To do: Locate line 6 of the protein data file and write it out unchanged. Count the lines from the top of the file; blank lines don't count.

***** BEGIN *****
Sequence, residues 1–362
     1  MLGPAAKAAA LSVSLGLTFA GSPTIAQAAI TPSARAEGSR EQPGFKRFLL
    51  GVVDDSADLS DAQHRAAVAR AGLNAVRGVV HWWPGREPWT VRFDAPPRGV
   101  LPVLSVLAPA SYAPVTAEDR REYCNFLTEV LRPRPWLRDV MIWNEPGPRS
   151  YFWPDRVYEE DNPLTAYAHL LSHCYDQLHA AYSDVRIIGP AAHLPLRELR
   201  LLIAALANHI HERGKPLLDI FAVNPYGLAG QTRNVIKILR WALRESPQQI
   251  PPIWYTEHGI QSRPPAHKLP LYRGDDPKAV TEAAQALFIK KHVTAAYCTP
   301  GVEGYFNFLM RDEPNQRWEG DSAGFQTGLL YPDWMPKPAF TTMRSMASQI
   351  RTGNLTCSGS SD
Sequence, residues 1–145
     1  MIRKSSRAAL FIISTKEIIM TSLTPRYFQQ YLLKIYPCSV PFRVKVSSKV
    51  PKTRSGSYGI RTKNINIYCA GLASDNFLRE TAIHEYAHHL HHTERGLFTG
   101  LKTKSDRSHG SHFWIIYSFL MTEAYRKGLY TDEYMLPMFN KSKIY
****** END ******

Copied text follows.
   201  LLIAALANHI HERGKPLLDI FAVNPYGLAG QTRNVIKILR WALRESPQQI